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by Derek Loosvelt | December 15, 2008


What do HSBC, Banco Santander, Royal Bank of Scotland, Nomura Holdings, Nobel Laureate Elie Wiesel, Academy Award-Winner Steven Spielberg, New Jersey Senator Frank Lautenberg and real estate mogul Mort Zuckerman all have in common?

They’re all victims of the Ponzi scheme perpetrated by Bernie Madoff, the 70-year-old soon-to-be-behind-bars ex-Nasdaq chief who ran a get-filthy-rich-quick pyramid type of scheme masquerading as a hedge fund from the 17th floor of his midtown Manhattan headquarters.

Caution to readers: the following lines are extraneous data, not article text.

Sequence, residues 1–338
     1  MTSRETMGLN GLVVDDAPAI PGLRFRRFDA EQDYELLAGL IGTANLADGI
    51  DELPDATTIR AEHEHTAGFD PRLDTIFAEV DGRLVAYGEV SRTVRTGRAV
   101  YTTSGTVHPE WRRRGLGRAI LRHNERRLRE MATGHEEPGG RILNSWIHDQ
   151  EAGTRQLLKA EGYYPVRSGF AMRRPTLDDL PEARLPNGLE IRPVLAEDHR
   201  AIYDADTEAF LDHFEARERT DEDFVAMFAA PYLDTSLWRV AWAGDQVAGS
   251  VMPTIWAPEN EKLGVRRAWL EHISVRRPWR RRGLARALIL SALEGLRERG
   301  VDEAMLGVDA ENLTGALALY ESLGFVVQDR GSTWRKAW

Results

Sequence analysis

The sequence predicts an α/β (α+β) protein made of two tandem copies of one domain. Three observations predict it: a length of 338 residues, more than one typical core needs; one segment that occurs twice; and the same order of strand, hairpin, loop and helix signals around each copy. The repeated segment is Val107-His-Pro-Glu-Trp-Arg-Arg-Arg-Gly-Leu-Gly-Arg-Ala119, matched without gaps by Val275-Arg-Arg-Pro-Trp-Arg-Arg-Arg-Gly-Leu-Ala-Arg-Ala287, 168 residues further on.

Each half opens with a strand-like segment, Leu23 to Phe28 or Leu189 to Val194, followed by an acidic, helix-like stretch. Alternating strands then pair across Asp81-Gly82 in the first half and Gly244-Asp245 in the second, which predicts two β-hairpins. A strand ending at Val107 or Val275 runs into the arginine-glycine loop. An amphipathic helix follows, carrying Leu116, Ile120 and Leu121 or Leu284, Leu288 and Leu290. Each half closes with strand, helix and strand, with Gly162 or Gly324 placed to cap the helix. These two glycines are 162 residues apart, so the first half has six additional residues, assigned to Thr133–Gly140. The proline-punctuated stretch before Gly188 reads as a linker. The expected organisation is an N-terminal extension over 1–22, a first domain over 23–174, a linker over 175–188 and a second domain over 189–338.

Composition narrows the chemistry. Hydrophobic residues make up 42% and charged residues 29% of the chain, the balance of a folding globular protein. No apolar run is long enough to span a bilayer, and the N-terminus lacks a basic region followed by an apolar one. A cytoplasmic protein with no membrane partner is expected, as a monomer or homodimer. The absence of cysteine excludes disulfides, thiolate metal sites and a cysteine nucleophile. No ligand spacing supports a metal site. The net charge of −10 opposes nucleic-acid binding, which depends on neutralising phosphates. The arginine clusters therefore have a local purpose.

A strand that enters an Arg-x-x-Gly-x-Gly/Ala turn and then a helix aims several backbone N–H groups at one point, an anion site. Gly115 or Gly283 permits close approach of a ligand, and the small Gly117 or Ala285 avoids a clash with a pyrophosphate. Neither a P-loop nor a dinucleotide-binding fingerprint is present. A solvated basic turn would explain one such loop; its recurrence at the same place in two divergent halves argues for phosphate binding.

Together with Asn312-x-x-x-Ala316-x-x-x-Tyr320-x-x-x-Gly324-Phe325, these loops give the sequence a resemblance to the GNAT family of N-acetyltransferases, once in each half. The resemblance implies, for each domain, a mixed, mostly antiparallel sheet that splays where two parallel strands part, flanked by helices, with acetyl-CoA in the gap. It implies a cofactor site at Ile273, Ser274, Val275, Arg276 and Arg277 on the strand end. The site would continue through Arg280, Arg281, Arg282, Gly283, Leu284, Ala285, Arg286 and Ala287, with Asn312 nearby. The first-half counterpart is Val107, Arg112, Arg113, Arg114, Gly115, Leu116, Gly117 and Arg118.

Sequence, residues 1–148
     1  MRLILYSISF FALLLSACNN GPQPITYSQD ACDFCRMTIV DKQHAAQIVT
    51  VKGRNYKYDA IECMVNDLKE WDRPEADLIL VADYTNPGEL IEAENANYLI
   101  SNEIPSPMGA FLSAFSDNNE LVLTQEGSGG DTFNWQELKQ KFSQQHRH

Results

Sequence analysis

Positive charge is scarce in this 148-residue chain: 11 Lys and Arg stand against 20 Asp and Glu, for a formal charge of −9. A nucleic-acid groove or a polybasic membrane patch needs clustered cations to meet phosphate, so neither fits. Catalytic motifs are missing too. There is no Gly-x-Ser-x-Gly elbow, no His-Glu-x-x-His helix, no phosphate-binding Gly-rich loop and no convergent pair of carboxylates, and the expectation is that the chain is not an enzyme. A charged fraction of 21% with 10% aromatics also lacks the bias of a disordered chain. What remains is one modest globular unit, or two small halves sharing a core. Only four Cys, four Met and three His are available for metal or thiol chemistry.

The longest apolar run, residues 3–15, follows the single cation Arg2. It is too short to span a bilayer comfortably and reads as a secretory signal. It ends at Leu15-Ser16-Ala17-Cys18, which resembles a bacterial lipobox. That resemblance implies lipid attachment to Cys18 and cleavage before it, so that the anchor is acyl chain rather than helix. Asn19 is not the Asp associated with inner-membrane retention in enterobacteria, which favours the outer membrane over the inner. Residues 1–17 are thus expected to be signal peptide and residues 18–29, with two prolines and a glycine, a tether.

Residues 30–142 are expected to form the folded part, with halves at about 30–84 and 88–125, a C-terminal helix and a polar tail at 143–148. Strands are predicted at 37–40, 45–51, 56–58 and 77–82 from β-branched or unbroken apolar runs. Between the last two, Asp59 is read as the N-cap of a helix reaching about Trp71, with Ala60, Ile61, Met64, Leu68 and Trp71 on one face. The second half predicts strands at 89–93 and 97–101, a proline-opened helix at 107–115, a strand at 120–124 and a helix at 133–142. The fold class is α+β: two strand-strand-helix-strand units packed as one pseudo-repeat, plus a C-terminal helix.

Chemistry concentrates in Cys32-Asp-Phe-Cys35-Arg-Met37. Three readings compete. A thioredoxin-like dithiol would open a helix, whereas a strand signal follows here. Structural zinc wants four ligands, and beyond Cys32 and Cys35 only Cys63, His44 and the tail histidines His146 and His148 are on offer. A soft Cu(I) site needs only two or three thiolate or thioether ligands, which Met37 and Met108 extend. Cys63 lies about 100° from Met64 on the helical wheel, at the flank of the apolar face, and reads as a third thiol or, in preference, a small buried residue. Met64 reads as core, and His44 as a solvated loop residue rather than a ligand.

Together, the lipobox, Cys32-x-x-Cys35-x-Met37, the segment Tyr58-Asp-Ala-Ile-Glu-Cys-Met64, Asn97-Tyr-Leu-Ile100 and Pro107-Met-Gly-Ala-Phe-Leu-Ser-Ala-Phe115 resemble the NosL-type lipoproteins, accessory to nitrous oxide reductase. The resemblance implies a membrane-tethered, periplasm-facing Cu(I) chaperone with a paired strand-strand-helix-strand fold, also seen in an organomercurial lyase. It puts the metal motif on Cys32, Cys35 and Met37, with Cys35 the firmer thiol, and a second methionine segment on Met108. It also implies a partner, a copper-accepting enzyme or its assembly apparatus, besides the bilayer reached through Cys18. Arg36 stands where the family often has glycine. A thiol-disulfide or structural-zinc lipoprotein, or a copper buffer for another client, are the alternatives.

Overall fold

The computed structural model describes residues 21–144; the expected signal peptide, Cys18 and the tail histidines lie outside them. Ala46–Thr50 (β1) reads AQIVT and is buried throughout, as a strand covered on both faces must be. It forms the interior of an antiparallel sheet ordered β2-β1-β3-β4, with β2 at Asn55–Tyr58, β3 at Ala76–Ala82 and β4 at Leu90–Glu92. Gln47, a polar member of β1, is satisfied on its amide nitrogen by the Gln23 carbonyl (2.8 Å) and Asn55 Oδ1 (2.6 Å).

Although Bernie has said he acted alone (he confessed and is free, for the time being, on $10 million bail), it’s highly unlikely he could’ve run the scheme all by himself, so in addition to more investors in Bernie’s fake hedge fund (a.k.a. a massive pile of papers) being named in the coming days, expect at least a few accomplices to be named in what is shaping up to be the biggest fraud of its kind in history, not to mention another monstrous blow to investor confidence in the U.S. financial regulation system.


Filed Under: Finance